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Shell’s priorities for the gathering economic storm

In today’s difficult times, everyone looks to the majors for guidance on what is happening, and what it all means for the industry. So the blog welcomes the advice given by Graham van’ t Hoff, newly appointed VP for base chemicals at Shell, when he spoke to ICIS news at EPCA. He emphasised 3 areas: […]

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Akzo halts share buybacks

The blog has long worried about the high levels of debt that have been incurred by some companies in recent years. So it applauds Akzo’s decision to halt its planned €3bn share back at the half-way stage. As Nigel Davis notes in ICIS insight, Akzo has a very strong balance sheet, and its ‘gearing is […]

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Bailout passes, Wall Street falls

‘Buy on the rumour, sell on the news’ is the classic definition of a weak market. So the US stock market’s reaction to the passing of the US bailout is a worrying indication that further problems may lie ahead. On 19 September, the Dow rocketed to 11388 as the bailout was confirmed. Last night, as […]

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Iceland on the brink

Last March, the blog noted an excellent article on Iceland by Gillian Tett of the Financial Times. She argued that Iceland was ‘the first country run like a hedge fund’. And she worried that its banks might prove not ‘too big to fail’, but ‘too big to rescue’? Now, it looks as though we are […]

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Credit crunch causes demand destruction

Will Beacham of ICIS radio did a 6 minute interview with the blog this week at EPCA. It focuses on the impact of the credit crunch and the high oil price, and provides advice on how to prepare for the downturn. If you would like to hear it, please click here.

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US economy ‘flat on the floor’ says Buffett

Warren Buffett, the world’s leading investor, was quite candid yesterday in his views on the US economy. `In my adult lifetime, I don’t think I’ve ever seen people as fearful, economically, as they are right now,’ Buffett, 78, told PBS. ‘They are not wrong to be worried’. He added that a lack of short-term credit […]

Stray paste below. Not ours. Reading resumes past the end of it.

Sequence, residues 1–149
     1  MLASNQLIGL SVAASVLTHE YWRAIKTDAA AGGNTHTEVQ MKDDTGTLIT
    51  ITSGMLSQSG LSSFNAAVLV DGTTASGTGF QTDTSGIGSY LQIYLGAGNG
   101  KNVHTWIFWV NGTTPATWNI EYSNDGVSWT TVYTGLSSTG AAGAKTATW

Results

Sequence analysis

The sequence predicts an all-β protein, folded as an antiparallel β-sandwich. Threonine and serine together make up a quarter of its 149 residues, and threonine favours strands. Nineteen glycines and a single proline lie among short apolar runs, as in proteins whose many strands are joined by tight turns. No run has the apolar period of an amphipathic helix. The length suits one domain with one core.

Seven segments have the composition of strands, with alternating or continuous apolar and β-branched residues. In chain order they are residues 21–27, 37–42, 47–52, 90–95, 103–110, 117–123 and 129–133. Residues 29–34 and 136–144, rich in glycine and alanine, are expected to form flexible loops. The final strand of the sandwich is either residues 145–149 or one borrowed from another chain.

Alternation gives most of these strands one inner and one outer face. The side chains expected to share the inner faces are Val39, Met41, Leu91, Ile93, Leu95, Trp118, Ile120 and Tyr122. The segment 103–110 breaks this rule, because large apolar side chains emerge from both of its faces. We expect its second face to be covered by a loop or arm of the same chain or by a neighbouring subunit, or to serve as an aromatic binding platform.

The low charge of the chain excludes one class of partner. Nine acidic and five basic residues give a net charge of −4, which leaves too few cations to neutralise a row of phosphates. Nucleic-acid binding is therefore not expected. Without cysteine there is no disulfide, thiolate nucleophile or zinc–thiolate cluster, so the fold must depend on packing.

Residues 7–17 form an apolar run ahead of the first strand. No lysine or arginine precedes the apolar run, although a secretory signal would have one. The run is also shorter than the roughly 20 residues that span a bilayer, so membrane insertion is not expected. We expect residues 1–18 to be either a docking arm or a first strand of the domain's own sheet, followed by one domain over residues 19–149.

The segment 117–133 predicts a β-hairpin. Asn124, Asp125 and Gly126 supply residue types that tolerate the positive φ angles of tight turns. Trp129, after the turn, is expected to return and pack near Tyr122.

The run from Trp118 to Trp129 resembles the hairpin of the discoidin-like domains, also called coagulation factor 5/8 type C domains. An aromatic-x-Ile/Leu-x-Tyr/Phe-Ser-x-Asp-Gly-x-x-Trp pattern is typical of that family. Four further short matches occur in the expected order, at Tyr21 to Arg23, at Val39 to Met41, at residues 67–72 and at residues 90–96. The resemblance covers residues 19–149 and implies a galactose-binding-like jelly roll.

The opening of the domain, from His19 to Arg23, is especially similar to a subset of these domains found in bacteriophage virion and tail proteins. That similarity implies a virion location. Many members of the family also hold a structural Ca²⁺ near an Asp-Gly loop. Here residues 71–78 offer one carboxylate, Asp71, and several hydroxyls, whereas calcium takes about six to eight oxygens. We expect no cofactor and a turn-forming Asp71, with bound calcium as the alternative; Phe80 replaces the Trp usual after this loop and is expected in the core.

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Another view of the Wall St crisis

Ken Rogoff was Chief Economist at the IMF, and is now a Harvard professor. His view on Wall Street’s current problems is refreshingly different. Writing in The Guardian, he notes that ‘efficient financial systems are supposed to promote growth in the real economy, not impose a huge tax burden’. But, he adds, ‘the US financial […]

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Volt could change naphtha balances

A blog reader has kindly pointed out the potential impact of GM’s new Volt car on the chemical industry. The Volt will have an operating range of 40 miles (64km), when it becomes available in 2010. According to GM, it will enable 75% of America’s daily commuter journeys to take place without using gasoline. And […]

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A political crisis in Washington

As if a global financial crisis wasn’t enough, we now have a political crisis in the USA. Leaving aside the question of whether the ‘bailout’ would have worked, last night’s rejection of the proposal means that we are in uncharted territory on how to move forward. The blog cannot remember a time when a sitting […]

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The ‘Minsky moment’ continues

More banks disappeared in Europe and the USA over the weekend: • Bradford and Bingley, one of the UK’s largest mortgage lenders was nationalised. The government will now pay $18bn to Spanish bank Santander to enable a transfer of retail deposits to take place • Fortis, Belgian’s biggest bank, has been partly nationalised by the […]

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